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For those who use a Python

Gypsum

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Have you ever had a fish get sucked into one? My lyretail killifish seem to have a compulsion to try swimming up the tube while you're sucking water out of the tank, which isn't amusing. You have to hover over the Python and chase curious killifish away. I don't know if it's possible for one to be sucked into the waterslide ride of its life, and I don't want to find out.
 
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Gypsum

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Cheers. Our other fish seem to have enough sense to not swim into the tube, so this hadn't been an issue until we got the killis.
 

Deanasue

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My shrimp are the only thing that get sucked up. If I pull the tube out of the water fast, they fall back into the tank. I had a goldfish go in once but too large to go in the hose. However, I have had a few fish just disappear before and wondered if they took a ride without me noticing. I tried the panty hose over the tube but it left too much trash behind so I had to stop using it. Goldfish have big poop. lol!
 

Jan Cavalieri

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YES YES YES - that's one of the reasons I stopped using the python. Not to mention I needed 50 feet of hose to reach my kitchen sink and I had to turn it on full blast to get the right amount of suction, then the sink would start to overflow (it did once, what a terrible mess on my hardwood floors). It doesn't have a filter to keep the fish from getting sucked up into it and almost all my fish have a sick curiousity about what's in that hose. I always got them out before they got to the sink but there were some scary moments. I now use a much smaller tubing and the water goes into a bucket - it has a filter on it that will keep any fish from getting sucked up. I do have to stop and clean it out from plant debris and the fish are still curious but there is NO risk. I was spending so much time getting all the water out of my 50 foot python after I was done with a water change, that suctioning water and debris into a bucket then dumping it into the toilet is actually a faster way of doing a water change. Of course I only have 29 gallon tanks - perhaps I'd feel differently if I had a 100 gallon tank - but I don't think so. When I add water back in I put in Prime first and sometimes Stability and add water to the bucket from my bathtub - I can get almost the exact same temperature as is in the tank. I add 3 gallons at a time (because I'm old and sick and that's as much as I can carry LOL) - it mixes the chemicals into the entire bucket. It takes between 5 and 6 - 3 gallon bucket fulls to do a good heavy water change. And at 3 gallons at a time it's not that heavy or exhausting for me. Just remember to check the filter and wash out any debris that might block the suction. I LOVE this method of water changes rather than using the high risk, pain in the neck Python.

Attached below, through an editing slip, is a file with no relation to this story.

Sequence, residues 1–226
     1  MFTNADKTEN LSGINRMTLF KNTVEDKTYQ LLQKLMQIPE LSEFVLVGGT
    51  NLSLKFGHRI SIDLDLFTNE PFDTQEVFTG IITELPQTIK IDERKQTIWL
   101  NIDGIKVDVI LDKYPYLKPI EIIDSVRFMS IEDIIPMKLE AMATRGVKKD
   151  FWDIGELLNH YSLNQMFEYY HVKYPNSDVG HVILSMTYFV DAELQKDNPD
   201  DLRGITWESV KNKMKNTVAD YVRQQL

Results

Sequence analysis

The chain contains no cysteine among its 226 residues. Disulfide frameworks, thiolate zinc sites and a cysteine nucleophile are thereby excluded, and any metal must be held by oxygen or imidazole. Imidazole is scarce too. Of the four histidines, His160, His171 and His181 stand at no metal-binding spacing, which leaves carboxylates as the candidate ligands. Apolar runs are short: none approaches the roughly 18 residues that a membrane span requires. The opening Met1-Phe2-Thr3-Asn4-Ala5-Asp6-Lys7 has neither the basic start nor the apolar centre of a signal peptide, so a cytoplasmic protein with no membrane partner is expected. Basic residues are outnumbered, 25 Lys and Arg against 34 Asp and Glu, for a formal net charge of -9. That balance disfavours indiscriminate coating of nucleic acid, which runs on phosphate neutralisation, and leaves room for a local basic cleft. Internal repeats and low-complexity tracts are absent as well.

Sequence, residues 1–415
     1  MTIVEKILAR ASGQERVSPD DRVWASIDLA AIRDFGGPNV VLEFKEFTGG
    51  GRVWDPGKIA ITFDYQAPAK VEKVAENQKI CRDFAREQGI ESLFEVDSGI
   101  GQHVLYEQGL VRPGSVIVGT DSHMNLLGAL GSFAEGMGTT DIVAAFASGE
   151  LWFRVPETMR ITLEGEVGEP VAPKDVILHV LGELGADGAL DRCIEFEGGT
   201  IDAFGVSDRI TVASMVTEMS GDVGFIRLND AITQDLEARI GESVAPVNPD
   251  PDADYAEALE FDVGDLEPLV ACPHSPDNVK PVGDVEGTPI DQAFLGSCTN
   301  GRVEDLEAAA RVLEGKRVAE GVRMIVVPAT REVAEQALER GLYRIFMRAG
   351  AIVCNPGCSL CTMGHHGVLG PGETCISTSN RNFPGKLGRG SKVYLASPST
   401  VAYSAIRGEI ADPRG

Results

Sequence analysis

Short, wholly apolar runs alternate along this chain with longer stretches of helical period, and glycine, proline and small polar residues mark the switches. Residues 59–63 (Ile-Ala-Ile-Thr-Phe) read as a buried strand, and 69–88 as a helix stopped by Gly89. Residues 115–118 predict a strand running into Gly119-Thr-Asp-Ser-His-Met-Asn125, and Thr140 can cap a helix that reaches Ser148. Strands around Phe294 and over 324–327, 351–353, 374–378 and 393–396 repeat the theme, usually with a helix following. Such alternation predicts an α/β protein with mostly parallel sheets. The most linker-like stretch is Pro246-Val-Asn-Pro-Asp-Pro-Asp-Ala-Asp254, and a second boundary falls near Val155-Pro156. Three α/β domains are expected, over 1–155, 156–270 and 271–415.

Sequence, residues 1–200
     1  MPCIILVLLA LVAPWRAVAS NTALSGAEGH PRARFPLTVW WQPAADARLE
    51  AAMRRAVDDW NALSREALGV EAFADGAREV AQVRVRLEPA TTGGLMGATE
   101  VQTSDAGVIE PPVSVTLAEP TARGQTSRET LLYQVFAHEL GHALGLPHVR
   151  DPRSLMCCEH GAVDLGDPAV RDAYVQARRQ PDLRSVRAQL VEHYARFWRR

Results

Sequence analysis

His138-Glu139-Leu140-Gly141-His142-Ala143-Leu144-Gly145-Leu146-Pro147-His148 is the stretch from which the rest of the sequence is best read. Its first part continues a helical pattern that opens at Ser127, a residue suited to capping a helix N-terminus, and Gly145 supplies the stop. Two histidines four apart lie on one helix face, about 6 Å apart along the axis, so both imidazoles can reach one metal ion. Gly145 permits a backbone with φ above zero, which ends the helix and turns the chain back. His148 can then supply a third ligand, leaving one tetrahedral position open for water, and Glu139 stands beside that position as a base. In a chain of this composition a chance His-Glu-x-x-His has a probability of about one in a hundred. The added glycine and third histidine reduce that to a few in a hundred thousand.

Deanasue

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YES YES YES - that's one of the reasons I stopped using the python. Not to mention I needed 50 feet of hose to reach my kitchen sink and I had to turn it on full blast to get the right amount of suction, then the sink would start to overflow (it did once, what a terrible mess on my hardwood floors). It doesn't have a filter to keep the fish from getting sucked up into it and almost all my fish have a sick curiousity about what's in that hose. I always got them out before they got to the sink but there were some scary moments. I now use a much smaller tubing and the water goes into a bucket - it has a filter on it that will keep any fish from getting sucked up. I do have to stop and clean it out from plant debris and the fish are still curious but there is NO risk. I was spending so much time getting all the water out of my 50 foot python after I was done with a water change, that suctioning water and debris into a bucket then dumping it into the toilet is actually a faster way of doing a water change. Of course I only have 29 gallon tanks - perhaps I'd feel differently if I had a 100 gallon tank - but I don't think so. When I add water back in I put in Prime first and sometimes Stability and add water to the bucket from my bathtub - I can get almost the exact same temperature as is in the tank. I add 3 gallons at a time (because I'm old and sick and that's as much as I can carry LOL) - it mixes the chemicals into the entire bucket. It takes between 5 and 6 - 3 gallon bucket fulls to do a good heavy water change. And at 3 gallons at a time it's not that heavy or exhausting for me. Just remember to check the filter and wash out any debris that might block the suction. I LOVE this method of water changes rather than using the high risk, pain in the neck Python.
That would not work for me and all of my tanks. Not even an option. Unless, I want no sleep time. :)
 

Fishmanic

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an alternative would be a long hose with an inline electric pump...a proper sized pump would pump 50 feet or more from the basement to the first floor easily. Where this a will, there always is a way!
 
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